PRESIDIO, Texas — As we reported this summer, the proposed Trans-Pecos Pipeline is in the news again because of trespass allegations made by a landowner against surveyors working for the pipeline company — Energy Transfer Partners of Dallas.
There is, however, at least one group of people who hope any number of disputes surrounding the project are settled — quickly — because they want natural gas online as soon as possible. Now a key player in the city’s plans to grow its economy with natural gas has told us he plans to start construction of a chili processing plant this month.
Biad Chile Company, headquartered in Las Cruces, New Mexico, is moving one of its three processing plants from Arizona to Texas. The firm processes chili peppers, dehydrates them and sells the finished product to manufacturers of processed foods such a fried potato chips.
The plant will be located on 5.5 acres, about 12 miles west of Presidio along FM 170, the road that hugs the Rio Grande between Presidio and Terlingua.
Even in its pitch to local governments, the pipeline company is clear that it’s not an energy company. Energy Transfer — like the name implies — moves commodities like natural gas. The Dallas company is being paid by Mexico’s gov’t to ferry natural gas from the Permian Basin into Mexico to run electric power plants in that country.
But there’s a pocket of borderland Texas within the proposed pipeline corridor that has no access to natural gas, Presidio, which hugs the Rio Grande opposite the town of Ojinaga, Chihuahua.
The City of Presidio says business in this part of the border would benefit with the advent of natural gas.
And there some private citizens here who feel the same way. Roberto Calderon owns a bustling restaurant. But he pays about three times as much for propane to power his stoves than he would if he could get natural gas.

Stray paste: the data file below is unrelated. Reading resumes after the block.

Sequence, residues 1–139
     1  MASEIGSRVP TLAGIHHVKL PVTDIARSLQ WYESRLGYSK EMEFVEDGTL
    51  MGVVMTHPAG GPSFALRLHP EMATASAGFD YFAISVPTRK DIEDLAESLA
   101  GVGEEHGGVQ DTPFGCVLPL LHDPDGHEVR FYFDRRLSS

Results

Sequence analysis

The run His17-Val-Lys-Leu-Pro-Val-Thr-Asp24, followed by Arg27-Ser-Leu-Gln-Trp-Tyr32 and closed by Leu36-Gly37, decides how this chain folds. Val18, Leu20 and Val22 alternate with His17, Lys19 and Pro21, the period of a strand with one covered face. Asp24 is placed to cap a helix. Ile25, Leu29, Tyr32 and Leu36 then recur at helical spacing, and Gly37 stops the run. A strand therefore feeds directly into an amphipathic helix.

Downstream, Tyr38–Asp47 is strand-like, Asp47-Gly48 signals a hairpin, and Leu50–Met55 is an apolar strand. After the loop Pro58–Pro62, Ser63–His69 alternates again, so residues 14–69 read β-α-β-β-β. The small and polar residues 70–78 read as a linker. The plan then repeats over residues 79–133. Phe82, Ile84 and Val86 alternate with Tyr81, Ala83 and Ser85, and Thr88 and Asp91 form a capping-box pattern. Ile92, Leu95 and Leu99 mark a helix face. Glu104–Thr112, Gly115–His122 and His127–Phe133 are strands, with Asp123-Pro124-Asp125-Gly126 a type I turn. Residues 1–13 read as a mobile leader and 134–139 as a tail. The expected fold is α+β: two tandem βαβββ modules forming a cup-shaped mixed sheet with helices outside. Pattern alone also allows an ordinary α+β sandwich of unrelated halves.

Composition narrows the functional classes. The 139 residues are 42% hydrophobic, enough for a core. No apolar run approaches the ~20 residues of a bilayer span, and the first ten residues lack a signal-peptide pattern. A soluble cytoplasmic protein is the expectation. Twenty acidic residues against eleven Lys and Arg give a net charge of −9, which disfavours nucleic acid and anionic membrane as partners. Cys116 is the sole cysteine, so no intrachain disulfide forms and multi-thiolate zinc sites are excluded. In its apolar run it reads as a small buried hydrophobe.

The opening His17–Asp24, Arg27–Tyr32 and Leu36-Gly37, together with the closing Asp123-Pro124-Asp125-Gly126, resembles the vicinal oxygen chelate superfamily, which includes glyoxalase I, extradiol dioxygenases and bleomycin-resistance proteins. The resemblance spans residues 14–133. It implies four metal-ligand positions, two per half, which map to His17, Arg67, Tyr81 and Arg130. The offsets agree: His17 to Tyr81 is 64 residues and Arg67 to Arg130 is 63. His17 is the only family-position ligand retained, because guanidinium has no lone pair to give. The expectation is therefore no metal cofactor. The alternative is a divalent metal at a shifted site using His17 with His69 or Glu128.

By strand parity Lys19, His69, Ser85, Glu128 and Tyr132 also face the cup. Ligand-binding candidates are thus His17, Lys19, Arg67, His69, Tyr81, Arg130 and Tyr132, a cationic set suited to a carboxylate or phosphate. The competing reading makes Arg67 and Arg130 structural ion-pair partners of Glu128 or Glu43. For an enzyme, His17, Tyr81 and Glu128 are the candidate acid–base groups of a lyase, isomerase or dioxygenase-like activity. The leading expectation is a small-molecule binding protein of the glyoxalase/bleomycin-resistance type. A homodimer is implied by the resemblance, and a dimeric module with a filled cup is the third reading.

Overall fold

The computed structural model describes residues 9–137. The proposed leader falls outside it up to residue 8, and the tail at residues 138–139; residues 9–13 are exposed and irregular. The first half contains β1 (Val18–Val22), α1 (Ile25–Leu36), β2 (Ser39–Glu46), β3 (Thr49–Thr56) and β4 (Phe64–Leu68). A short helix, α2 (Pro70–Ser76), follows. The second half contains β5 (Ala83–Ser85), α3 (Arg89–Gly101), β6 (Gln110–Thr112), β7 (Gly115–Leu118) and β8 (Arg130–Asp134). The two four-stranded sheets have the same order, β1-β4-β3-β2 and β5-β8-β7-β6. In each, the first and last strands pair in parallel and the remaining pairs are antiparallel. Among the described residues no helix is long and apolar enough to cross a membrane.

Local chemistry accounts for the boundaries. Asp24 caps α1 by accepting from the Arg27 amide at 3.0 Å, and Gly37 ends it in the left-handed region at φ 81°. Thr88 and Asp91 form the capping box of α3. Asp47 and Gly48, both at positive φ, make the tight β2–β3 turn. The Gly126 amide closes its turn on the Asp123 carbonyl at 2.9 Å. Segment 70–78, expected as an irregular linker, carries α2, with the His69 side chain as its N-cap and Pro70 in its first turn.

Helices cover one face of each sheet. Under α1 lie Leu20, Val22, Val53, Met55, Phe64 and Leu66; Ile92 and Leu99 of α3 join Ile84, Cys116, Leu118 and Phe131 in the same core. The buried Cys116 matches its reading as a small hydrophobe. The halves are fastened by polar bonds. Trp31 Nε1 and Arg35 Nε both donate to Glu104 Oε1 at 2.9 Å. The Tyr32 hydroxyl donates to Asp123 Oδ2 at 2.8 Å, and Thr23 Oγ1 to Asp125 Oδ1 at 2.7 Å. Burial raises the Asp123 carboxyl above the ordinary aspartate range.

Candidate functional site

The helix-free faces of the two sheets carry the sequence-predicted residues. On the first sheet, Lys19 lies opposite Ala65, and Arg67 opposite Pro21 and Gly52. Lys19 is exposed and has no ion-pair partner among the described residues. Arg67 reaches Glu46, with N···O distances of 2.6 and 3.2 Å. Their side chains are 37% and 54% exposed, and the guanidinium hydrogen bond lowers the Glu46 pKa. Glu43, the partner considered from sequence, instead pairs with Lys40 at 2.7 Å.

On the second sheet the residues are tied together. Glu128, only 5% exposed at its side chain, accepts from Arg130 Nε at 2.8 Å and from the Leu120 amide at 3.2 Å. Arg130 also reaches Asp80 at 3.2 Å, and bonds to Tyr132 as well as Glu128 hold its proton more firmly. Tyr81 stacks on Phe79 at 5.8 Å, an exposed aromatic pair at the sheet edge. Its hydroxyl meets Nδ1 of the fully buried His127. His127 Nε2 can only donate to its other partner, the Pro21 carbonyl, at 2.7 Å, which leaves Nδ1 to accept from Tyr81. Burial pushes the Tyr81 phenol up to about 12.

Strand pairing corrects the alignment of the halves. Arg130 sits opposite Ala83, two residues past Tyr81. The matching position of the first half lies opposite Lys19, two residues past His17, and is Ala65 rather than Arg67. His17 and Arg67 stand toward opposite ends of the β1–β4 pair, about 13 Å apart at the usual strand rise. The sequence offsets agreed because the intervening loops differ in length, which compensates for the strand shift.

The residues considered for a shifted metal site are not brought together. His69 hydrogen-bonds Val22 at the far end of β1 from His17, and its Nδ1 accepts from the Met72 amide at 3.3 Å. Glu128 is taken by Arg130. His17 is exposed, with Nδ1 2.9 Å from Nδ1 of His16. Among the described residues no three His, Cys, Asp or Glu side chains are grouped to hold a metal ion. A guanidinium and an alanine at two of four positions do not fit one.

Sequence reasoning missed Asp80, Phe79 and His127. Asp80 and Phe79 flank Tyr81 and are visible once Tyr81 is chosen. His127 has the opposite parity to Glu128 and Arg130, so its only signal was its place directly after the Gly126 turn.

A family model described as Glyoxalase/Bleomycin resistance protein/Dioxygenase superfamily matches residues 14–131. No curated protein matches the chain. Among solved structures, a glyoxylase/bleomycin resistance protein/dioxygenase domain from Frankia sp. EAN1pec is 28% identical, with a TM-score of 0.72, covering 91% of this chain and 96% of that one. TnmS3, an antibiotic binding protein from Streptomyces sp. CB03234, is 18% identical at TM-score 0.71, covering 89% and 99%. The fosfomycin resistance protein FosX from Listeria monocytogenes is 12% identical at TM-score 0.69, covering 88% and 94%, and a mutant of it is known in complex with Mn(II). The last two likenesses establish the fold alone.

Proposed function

“Every 10 days, $200,” he explained.
That’s around $600 a month for propane to power his stoves. If he had natural gas, his bill would be considerably less.
“Right now the the only option is the propane and maybe with another option we can have price or better options for the consumidores,” he said using the Spaanish word for consumers.
The City of Presidio often cites the example of the chili pepper processing company, reasoning that if only natural gas were available here, industry and job creation would inevitably follow.
Even before a final route for the Trans Pecos Pipeline is agreed upon, the chili company’s chief told us that he’s “signed an option on a piece of property, found a contractor and hopes to start building before” Sept 30th. The company gets some of its peppers from Mennonites in Oasis, south Ojinaga.
“When you’re manufacturing something, then comes the retail. Then comes something I really like and that’s the sales taxes,” said the City of Presidio’s Economic Development Director Brad Newton. He ‘s a proponent of the proposed pipeline.
“We look forward to having the chili plant because that will increase agricultural products from Mexico being able to Port of Entry. You know, anytime you move something, it creates jobs.”
The chili processing company is making a commitment to relocate one of its plants from Arizona to Presidio based on the expectation natural gas will be available. But there’s another consideration that hasn’t been resolved.
Because gas distribution is an expensive, specialized undertaking, only one system serves any given part of Texas. And those systems are governed by the state — instead of fair market competition— to, in the state’s words, “ensure fairness and safety.”
Energy Transfer VP Rick Smith said in the Spring that his company would install taps on the pipeline that others, like the chili pepper processing plant, Roberto Calderon’s restaurant, or the city could use.
“If the pipeline’s going to come through, we want to make sure they take advantage to the extent that they want to.”
But West Texas Gas, which has contracts in this part of Texas, says it’s only held exploratory talks with the city, meaning there is no plan in place, at least not currently, to physically move the natural gas from the pipeline and into the city itself.